The US car industry no longer wants to make cars, only trucks and SUVs. From Wolf Richter at wolfstreet.com:
The end of an era in the US Auto industry — until $7 gas arrives.
“Cars,” as the auto industry defines them, are going to die. Not necessarily the vehicles, though they’re disappearing too, but the category of “cars” because sales have plunged beyond hope, especially for vehicles by the Big Three US automakers, GM, Ford, and Fiat-Chrysler.
It came to a head today: Ford announced $25.5 billion in planned cost cuts by 2022 – some red meat it threw to its restive stockholders, whether or not these “cuts” will ever materialize. But the cuts included a big category that is a sign of the times: all current Ford car models, except the Mustang, will be killed off.
This includes, in order of size, the Fiesta, the Focus, the Fusion, and the once dead, then revived, and soon dead again Taurus.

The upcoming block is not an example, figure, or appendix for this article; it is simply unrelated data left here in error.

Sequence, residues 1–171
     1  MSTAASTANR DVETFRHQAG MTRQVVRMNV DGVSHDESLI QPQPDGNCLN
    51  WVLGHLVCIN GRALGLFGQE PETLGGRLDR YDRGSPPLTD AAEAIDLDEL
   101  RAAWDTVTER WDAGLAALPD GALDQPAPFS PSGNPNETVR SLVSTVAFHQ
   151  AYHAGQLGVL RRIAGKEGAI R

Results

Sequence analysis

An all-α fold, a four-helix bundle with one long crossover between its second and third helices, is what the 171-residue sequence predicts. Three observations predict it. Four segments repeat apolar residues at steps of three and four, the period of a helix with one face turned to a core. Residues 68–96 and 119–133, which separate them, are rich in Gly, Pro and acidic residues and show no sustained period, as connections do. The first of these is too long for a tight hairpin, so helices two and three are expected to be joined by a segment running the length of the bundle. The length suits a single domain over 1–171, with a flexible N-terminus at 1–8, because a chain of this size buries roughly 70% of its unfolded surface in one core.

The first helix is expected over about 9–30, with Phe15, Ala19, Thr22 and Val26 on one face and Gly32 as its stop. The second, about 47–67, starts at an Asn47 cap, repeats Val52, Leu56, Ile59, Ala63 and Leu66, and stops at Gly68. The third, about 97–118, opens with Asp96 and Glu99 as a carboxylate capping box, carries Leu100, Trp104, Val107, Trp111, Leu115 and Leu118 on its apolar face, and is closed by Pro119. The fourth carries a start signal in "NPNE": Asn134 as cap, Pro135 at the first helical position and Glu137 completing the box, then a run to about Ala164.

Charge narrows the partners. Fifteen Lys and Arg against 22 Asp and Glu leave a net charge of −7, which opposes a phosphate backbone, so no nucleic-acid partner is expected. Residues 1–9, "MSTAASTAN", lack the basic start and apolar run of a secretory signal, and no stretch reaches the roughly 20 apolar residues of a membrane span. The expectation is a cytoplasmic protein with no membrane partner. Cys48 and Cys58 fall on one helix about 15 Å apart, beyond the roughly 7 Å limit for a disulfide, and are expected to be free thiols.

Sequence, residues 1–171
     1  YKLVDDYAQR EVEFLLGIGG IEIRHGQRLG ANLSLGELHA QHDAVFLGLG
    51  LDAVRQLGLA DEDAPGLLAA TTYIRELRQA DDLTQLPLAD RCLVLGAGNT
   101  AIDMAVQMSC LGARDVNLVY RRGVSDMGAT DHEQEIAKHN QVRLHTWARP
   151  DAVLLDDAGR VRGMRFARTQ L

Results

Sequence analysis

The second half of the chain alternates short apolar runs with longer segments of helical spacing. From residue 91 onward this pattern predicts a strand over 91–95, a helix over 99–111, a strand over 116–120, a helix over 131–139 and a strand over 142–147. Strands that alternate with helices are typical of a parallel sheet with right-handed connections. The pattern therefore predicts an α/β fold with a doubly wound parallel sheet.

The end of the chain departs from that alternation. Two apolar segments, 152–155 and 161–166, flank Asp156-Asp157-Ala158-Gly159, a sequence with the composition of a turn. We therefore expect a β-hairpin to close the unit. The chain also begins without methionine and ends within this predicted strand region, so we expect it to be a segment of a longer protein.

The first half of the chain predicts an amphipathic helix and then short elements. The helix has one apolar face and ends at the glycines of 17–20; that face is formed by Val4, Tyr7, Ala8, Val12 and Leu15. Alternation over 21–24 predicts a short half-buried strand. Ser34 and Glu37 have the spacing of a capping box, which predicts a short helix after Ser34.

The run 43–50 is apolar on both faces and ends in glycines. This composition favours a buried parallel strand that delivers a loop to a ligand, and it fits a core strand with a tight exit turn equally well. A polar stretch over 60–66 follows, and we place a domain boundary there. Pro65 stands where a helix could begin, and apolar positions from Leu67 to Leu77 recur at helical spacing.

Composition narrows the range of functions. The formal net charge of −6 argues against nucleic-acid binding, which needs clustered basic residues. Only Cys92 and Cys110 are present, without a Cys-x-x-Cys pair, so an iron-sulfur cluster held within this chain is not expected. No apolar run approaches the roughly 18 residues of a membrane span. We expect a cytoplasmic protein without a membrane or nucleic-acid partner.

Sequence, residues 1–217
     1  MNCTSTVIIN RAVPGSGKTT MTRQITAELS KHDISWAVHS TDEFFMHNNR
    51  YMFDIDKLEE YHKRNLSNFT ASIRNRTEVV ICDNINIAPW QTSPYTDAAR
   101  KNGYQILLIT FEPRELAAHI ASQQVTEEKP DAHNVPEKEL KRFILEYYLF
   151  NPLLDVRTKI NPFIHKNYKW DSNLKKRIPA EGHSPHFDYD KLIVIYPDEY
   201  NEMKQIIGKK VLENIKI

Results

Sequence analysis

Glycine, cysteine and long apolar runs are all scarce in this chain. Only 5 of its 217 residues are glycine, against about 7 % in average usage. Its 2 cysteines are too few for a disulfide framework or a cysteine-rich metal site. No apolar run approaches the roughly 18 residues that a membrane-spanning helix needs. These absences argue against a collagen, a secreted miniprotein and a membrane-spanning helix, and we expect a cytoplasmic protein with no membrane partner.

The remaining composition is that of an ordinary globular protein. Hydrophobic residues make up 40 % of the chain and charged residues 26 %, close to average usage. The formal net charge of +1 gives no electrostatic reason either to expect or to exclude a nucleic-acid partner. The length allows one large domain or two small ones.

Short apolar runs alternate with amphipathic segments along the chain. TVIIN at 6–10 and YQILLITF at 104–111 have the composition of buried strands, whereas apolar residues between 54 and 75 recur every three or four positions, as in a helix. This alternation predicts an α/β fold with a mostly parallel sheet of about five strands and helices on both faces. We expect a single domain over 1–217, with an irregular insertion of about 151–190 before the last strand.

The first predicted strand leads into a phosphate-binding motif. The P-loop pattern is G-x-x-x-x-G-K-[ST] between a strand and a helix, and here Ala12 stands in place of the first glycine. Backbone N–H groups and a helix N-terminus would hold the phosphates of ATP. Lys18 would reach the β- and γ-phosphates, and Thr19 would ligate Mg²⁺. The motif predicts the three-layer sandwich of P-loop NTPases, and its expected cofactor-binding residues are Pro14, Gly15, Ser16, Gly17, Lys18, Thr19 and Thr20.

After which Ford dealers will only have “trucks” on the lot and a few Mustangs.
Industry-wide, “car” sales have been a nightmare: During the first three months of the year, “truck” sales jumped 10%, and “car” sales plunged 11%. In 2017, truck sales rose 4.3%, and car sales plunged 11%. And so on. This divergence of dropping car sales and rising truck sales started in 2015, and since then, “car” sales have gotten relentlessly crushed:
Part of the problem is that the industry’s division between “cars” and “trucks” is peculiar. “Trucks” include pickups, vans, SUVs, and compact SUVs (crossovers). But some SUVs and all crossovers are based on a unibody car chassis (instead of body-on-frame, which is the case with trucks). They’re stubbier versions of station wagons. For consumers, the switch from cars to crossovers is natural.
And part of the problem is that consumers have fallen out of love with cars. Gas is cheap (though getting more expensive), SUVs and crossovers are cool and immensely popular. And in parts of the country, pickups have for decades been the most popular US-branded vehicle type, and that love affair has only increased in recent years.
Including SUVs and crossovers, “trucks” accounted for 66.4% of total sales in March, the highest ever for a March. “Truck” sales have been above 60% of total sales for 21 months in a row.
To continue reading: Carmageddon for Cars: “Cars” Are Scheduled to Die